Duel. Weaving creatively oriented conflicts and challenges into the game can be a lot of fun. Playful brawls can be staged using dancing such as capoeira or break dance or even balancing acts, music jams or songs.

Debriefing

After a reality game, it’s important to get the players talking to each other about what they have and have not done. If they know each other well enough, this will happen spontaneously. Otherwise, elements which encourage the players to talk about their experiences in a written form could be woven into the story itself. Perhaps the player receives a letter from a fictional character asking for an explanation of what has happened or you as the coordinator can simply ask for feedback after the end of the game. Another way of getting feedback is letting an already informed friend participate as a player and ask her, behind the scenes, how the game has been going.

The ending can be orchestrated in many ways. You can either put together an evidently epic finish, or you can let the story slowly fade away and thus let the game slowly sink into the everyday lives of the players. Perhaps that will make the game linger in the minds of the players for a bit longer.

This article has sought to identify and summarize some of the experiences we’ve had in connection with various reality games created by Interacting Arts, i.e. as Scen 3 (Stage 3, 2001-2004) and Maskspel (Maskplay, 2007). This is neither the only nor the best way of producing reality games, but it is a starting point. Research and exploration of different methods will continue.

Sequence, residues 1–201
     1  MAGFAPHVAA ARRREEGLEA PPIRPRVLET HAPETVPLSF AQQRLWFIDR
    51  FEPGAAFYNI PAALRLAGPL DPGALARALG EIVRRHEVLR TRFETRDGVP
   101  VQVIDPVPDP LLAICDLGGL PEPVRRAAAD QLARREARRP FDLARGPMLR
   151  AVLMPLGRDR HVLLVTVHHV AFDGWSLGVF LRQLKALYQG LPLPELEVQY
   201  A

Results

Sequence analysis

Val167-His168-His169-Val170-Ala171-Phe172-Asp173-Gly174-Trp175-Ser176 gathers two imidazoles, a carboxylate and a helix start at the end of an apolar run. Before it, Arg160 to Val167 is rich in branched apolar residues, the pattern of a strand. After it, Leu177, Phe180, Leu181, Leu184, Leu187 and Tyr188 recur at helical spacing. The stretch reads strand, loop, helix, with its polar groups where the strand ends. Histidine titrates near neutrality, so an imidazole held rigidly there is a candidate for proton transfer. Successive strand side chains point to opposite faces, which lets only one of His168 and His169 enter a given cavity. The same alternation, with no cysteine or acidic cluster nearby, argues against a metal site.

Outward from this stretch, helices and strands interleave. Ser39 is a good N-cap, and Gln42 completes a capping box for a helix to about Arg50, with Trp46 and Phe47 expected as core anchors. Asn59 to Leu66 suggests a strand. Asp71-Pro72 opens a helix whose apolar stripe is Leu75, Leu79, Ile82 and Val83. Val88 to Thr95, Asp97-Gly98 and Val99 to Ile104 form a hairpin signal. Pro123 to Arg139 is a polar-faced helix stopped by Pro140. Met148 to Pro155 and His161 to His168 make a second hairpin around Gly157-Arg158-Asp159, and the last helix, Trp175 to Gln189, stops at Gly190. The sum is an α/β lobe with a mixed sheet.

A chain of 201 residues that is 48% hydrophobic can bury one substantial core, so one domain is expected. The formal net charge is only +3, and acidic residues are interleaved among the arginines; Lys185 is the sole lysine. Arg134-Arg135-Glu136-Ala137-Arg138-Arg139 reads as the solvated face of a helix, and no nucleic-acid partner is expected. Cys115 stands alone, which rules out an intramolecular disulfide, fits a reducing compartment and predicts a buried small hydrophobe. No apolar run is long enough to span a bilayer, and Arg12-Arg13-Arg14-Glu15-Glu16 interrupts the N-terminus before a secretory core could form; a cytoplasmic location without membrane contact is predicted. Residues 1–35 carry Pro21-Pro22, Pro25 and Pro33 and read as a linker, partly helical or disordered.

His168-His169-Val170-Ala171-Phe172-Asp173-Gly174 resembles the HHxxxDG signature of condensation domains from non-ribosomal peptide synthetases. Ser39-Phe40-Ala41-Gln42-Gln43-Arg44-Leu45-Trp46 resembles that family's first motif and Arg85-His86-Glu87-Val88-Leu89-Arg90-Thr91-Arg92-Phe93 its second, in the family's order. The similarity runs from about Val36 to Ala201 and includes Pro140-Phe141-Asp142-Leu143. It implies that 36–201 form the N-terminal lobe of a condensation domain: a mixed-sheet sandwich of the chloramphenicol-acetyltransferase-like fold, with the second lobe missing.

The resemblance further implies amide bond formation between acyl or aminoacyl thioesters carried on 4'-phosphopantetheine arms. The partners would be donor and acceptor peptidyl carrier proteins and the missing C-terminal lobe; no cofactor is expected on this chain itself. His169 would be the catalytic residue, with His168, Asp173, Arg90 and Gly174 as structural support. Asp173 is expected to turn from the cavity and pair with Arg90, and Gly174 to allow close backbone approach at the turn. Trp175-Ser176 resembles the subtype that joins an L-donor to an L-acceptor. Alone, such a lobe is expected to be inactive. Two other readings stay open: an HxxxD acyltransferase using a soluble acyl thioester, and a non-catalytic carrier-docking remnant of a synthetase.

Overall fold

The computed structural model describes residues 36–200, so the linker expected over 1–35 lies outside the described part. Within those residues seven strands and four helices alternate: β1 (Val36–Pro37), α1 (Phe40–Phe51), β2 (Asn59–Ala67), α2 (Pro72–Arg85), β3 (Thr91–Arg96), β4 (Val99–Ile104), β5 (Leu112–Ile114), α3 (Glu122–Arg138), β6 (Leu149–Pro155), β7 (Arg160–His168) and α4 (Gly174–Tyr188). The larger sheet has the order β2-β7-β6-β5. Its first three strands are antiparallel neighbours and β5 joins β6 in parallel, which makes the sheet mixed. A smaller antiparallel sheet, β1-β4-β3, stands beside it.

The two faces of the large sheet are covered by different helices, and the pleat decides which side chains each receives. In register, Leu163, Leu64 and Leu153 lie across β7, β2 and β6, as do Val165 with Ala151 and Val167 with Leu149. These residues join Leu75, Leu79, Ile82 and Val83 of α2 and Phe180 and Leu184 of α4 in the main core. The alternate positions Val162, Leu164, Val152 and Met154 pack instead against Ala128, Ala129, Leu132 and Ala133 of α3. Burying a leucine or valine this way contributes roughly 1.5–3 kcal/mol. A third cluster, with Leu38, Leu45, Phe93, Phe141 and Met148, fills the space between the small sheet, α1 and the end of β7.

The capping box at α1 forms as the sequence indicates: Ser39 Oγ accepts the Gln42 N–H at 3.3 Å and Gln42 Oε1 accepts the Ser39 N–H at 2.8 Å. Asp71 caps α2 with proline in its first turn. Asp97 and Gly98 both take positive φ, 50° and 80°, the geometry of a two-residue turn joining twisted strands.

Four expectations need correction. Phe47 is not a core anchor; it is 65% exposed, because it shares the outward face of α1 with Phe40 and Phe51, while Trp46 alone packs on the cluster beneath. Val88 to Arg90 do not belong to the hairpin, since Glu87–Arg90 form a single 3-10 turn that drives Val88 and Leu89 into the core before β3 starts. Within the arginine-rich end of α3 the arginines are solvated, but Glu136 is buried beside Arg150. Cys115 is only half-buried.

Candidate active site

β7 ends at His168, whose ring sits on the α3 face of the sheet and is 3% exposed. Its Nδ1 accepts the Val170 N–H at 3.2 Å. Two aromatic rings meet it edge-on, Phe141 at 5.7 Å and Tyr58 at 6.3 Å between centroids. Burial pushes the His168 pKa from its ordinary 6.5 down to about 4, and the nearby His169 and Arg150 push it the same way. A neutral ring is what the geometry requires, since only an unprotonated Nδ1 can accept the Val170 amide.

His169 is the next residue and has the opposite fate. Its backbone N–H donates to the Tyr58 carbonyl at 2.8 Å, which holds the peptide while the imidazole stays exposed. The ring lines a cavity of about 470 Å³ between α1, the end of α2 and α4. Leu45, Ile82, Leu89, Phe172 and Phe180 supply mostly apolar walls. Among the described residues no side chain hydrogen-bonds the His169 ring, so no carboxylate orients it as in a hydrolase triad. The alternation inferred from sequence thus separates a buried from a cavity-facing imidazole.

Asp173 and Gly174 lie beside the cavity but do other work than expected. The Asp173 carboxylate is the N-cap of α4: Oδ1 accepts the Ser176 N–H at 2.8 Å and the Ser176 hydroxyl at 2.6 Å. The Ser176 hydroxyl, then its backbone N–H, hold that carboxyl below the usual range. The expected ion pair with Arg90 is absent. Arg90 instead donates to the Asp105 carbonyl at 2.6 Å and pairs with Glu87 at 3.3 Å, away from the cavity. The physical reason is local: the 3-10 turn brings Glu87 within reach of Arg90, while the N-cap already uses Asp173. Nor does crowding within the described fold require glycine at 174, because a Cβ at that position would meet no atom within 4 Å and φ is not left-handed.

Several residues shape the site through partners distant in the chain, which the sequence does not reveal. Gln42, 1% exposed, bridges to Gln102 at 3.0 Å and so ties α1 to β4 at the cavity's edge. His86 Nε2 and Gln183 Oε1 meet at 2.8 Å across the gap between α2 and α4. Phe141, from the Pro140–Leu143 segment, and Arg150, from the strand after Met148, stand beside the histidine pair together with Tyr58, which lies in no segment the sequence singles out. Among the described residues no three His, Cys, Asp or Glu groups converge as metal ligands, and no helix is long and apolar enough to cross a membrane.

Clay play in 3D with Sculptris

I recently found Sculptris, a simple software for 3D-modeling. Here are my first tries with it. I’m impressed by how simple and user friendly it is to get going with it and since I started to use it, last week I noticed my view of objects and shapes has changed. Since proportion is the key to understanding anything as human, and I’m not good with that yet, it is obvious that everything I do tends towards the monstrous.

The first version of the image is from the 3d-software, and the second one is simple post-production in 2D.